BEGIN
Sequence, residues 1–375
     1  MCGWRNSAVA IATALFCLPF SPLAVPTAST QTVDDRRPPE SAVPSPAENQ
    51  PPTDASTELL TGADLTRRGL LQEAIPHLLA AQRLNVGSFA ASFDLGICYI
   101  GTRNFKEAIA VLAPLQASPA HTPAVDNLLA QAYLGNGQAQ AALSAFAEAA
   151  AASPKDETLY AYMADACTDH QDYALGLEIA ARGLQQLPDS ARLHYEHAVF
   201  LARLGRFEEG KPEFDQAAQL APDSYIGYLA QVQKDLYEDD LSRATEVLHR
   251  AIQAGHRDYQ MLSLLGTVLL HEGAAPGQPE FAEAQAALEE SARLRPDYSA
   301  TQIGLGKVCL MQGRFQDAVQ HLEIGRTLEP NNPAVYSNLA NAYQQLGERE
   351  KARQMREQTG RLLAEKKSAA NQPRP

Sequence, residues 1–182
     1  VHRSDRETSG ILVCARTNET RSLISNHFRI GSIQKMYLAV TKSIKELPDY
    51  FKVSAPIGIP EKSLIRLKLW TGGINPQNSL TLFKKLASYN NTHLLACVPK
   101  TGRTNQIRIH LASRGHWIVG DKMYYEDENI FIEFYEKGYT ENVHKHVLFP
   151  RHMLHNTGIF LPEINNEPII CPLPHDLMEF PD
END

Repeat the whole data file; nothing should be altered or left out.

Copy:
Sequence, residues 1–375
     1  MCGWRNSAVA IATALFCLPF SPLAVPTAST QTVDDRRPPE SAVPSPAENQ
    51  PPTDASTELL TGADLTRRGL LQEAIPHLLA AQRLNVGSFA ASFDLGICYI
   101  GTRNFKEAIA VLAPLQASPA HTPAVDNLLA QAYLGNGQAQ AALSAFAEAA
   151  AASPKDETLY AYMADACTDH QDYALGLEIA ARGLQQLPDS ARLHYEHAVF
   201  LARLGRFEEG KPEFDQAAQL APDSYIGYLA QVQKDLYEDD LSRATEVLHR
   251  AIQAGHRDYQ MLSLLGTVLL HEGAAPGQPE FAEAQAALEE SARLRPDYSA
   301  TQIGLGKVCL MQGRFQDAVQ HLEIGRTLEP NNPAVYSNLA NAYQQLGERE
   351  KARQMREQTG RLLAEKKSAA NQPRP

Sequence, residues 1–182
     1  VHRSDRETSG ILVCARTNET RSLISNHFRI GSIQKMYLAV TKSIKELPDY
    51  FKVSAPIGIP EKSLIRLKLW TGGINPQNSL TLFKKLASYN NTHLLACVPK
   101  TGRTNQIRIH LASRGHWIVG DKMYYEDENI FIEFYEKGYT ENVHKHVLFP
   151  RHMLHNTGIF LPEINNEPII CPLPHDLMEF PD